PODGORICA (Reuters) - Veteran pro-European Union politician Milo Djukanovic was set to win Montenegro’s presidential election on Sunday with 53 percent of the votes, according to projected results.
Mladen Bojanic, a businessman backed by an alliance of parties, including some wanting closer ties with Russia, was set to come second with 33 percent, according to a projection by the Centre for Monitoring and Research (CeMI) pollster, based on a representative sample of polling stations.
Djukanovic and his ruling Democratic Party of Socialists (DPS) led Montenegro into NATO last year and have pledged to complete talks for EU membership.
The presidential role is largely ceremonial. But Djukanovic, who would succeed his ally, Filip Vujanovic, is expected to wield considerable power and influence policy through the ranks of the DPS.
A cheering and flag-waving crowd of Djukanovic’s jubilant backers flocked to DPS headquarters in downtown Podgorica to celebrate.
Djukanovic arrived at party headquarters around 10:20 p.m. and was welcomed by cheering supporters, some of whom hugged and kissed him as he walked towards the rostrum.
“We have fulfilled our promise and we have achieved another valuable victory for the European future of Montenego,” he said.
“I understand this election result as a confirmation of Montenegro’s evolution to achieve European values, European standards and full membership in the European Union,” Djukanovic said before opening a bottle of champagne.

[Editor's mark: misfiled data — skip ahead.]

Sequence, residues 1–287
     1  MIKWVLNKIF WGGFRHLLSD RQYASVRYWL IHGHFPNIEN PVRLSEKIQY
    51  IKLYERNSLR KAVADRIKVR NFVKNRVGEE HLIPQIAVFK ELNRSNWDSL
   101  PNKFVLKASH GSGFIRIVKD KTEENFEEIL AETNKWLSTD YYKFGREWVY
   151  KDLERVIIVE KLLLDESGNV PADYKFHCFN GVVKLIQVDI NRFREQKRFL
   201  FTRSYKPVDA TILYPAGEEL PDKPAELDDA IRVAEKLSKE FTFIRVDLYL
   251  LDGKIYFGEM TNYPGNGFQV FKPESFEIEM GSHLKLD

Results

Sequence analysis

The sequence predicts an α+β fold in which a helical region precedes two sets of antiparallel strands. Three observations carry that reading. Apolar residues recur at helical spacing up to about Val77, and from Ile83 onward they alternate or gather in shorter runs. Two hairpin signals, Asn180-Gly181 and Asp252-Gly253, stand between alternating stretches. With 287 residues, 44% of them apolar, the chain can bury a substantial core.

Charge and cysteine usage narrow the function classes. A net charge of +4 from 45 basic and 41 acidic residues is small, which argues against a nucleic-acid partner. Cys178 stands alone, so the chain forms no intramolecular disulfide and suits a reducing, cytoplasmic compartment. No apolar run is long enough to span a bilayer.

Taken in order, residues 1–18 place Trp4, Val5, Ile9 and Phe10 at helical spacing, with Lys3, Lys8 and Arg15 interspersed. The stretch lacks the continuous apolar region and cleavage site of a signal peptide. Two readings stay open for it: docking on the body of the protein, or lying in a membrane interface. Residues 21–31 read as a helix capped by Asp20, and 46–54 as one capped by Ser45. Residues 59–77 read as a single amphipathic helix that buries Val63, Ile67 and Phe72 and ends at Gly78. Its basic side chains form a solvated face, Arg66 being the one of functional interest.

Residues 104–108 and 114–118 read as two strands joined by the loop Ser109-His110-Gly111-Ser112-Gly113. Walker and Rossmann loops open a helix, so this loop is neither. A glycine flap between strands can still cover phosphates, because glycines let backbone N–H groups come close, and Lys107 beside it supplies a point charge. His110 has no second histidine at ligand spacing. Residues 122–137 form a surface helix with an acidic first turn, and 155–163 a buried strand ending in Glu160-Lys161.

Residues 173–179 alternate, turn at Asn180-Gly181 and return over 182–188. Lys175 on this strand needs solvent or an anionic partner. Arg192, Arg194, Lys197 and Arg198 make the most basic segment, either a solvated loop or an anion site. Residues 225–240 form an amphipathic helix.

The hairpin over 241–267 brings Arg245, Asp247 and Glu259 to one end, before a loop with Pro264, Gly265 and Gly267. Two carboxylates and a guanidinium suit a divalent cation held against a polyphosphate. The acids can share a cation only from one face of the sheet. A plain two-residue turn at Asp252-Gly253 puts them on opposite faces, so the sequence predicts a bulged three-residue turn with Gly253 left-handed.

“There will be no second round,” Milos Nikolic, a DPS parliamentary deputy told reporters. “Djukanovic is the new president of Montenegro.”
The state election commission said turnout at 7.30 p.m (1730 GMT), half an hour before polling closed, was 61.6 percent.
No significant election irregularities had been reported.
Having dominated politics as either prime minister or president of the former Yugoslav republic of about 620,000 people, Djukanovic stepped down as prime minister in 2016. He announced his comeback last month citing “responsibility for Montenegro’s future”.
On Thursday, Djukanovic told Reuters he would welcome an improvement of relations with the Kremlin.
Relations with Russia, which had been the biggest investor in Montenegro for several years after the country declared independence, soured when Montenegro introduced sanctions against Moscow in 2014.
During the campaign, opposition candidates accused Djukanovic of fostering cronyism, nepotism, corruption and ties with organized crime, which he denied.
“I am proud of my result,” Bojanic told reporters after projections were released. “I will continue the struggle to liberate Montenegro from Djukanovic’s dictatorship.”
Reporting by Aleksandar Vasovic; Editing by David Evans and Peter Cooney
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